In the highest state of realization, the spiritual aspirant realizes that both the Supreme Consciousness and oneself are in fact one and the same entity — once again, an experience that goes substantively above and beyond any notion of “faith” typically espoused by religions. Unless and until that merger completely occurs, however, there remains a sense of duality — a feeling of “I” and “That.” The “that” that one experiences in meditation can never an impersonal one — it is the most personal relationship that one can have. You’re a human being, after all, with personal feelings and a personal sense of self — the moment you encounter that deepest Self, it will absolutely feel like a personalized entity. Thus the power of meditation lies precisely in the power of our emotions to drive the engine of our spirituality to its final goal. Meditation isn’t dry, nor is it mechanical; it is a deeply emotional practice, whose consummation is only reached at the pinnacle of our loftiest and most intense passions.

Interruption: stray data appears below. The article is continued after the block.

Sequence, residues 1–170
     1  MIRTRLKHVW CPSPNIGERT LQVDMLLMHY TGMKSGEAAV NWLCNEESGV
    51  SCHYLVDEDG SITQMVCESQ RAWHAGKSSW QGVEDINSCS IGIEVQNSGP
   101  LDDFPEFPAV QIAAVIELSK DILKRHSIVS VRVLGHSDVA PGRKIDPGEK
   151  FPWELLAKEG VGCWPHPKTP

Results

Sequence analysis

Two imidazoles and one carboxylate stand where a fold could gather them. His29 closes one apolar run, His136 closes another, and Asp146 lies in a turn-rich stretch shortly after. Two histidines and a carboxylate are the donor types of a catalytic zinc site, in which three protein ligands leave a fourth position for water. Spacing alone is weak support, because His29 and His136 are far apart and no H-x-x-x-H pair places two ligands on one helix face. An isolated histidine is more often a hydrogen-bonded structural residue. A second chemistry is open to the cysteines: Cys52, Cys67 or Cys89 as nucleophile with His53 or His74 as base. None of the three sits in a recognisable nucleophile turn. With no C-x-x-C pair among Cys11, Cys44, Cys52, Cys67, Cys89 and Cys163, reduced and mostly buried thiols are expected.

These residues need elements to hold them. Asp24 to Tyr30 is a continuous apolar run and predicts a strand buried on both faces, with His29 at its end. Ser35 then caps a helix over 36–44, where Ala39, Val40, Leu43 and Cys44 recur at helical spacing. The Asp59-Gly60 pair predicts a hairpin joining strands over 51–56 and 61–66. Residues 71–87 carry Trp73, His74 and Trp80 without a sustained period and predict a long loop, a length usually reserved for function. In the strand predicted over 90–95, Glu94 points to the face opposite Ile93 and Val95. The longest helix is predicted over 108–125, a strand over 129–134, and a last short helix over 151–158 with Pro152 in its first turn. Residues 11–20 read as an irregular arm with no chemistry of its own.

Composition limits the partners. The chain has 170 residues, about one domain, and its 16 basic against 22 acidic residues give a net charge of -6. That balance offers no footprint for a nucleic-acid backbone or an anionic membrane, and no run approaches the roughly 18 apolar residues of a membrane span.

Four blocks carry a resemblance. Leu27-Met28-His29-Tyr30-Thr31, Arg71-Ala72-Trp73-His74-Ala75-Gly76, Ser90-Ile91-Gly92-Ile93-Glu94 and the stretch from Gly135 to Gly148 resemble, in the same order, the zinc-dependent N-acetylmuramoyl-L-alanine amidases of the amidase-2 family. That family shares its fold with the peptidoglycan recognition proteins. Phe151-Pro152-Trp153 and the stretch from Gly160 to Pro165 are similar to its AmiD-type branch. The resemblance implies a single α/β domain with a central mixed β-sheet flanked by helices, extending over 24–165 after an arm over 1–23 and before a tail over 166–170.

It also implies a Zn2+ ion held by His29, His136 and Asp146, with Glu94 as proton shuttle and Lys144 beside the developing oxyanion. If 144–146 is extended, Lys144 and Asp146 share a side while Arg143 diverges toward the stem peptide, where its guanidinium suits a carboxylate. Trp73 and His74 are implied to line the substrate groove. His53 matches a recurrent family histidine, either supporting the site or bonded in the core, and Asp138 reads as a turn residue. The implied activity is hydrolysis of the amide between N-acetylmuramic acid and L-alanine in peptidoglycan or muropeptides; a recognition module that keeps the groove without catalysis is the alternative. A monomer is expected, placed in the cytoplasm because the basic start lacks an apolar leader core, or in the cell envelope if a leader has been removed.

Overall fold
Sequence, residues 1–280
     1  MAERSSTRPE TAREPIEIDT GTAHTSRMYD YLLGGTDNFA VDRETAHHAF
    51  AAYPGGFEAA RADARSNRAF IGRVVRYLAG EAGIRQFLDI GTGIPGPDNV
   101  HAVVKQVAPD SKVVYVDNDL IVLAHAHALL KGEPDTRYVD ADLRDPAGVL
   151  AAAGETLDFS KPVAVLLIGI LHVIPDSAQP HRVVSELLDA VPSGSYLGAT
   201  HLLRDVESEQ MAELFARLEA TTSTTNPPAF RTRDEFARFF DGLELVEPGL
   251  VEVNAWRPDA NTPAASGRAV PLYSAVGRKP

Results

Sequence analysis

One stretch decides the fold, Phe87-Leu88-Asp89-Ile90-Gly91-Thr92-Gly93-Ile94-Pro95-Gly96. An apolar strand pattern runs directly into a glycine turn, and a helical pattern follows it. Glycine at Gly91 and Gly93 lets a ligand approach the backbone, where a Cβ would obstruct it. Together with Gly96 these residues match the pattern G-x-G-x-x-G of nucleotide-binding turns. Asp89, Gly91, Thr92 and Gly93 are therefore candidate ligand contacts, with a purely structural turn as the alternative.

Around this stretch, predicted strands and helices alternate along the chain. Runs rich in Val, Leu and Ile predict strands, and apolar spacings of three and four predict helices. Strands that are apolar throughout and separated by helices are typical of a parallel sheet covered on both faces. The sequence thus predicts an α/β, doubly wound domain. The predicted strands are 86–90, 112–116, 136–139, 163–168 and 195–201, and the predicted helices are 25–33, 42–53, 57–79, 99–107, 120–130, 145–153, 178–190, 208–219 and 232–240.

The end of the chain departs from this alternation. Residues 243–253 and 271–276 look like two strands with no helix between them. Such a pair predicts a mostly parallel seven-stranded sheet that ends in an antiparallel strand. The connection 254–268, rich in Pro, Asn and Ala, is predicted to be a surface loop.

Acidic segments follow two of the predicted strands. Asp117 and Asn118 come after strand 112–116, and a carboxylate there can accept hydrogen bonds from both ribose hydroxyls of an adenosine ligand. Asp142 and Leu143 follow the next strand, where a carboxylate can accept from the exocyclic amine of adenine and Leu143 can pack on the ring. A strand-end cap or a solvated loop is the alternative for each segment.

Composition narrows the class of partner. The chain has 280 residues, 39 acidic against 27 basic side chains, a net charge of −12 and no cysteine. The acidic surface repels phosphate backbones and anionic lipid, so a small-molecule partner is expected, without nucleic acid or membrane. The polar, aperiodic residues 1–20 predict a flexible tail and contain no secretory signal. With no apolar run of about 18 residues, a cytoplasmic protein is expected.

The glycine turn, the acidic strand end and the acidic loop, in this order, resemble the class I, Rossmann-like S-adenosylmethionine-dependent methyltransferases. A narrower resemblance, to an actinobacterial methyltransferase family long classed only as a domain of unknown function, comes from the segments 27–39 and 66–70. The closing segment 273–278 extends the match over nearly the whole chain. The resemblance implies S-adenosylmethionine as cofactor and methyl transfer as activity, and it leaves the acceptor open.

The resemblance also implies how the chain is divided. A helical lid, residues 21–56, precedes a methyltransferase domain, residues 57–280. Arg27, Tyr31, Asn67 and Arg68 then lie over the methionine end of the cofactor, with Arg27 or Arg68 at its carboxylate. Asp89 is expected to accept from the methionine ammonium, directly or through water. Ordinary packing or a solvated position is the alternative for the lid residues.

The question still remains: why Baba? We understand that unless and until one knows oneself to be that one, limitless, endless consciousness, one thinks of it as a separate, albeit intimately connected entity — but why Baba? Why not Jesus? Jesus Nam Kevalam has a nice ring to it, doesn’t it?
Here’s the catch: Jesus, Mohammad, Krishna, Buddha — these are all names of entities — entities with particularized attributions and qualities. While they may be useful for a personal practice, they are not at all universal — especially since the true “God” hiding behind the mask of these “gods” stands as an absolute, transcending all barriers. Jesus Nam Kevalam, therefore, is by its very nature unchanging and lacking in dynamism. The “nam” we use can’t be a static one, otherwise where is the scope for growth and progress?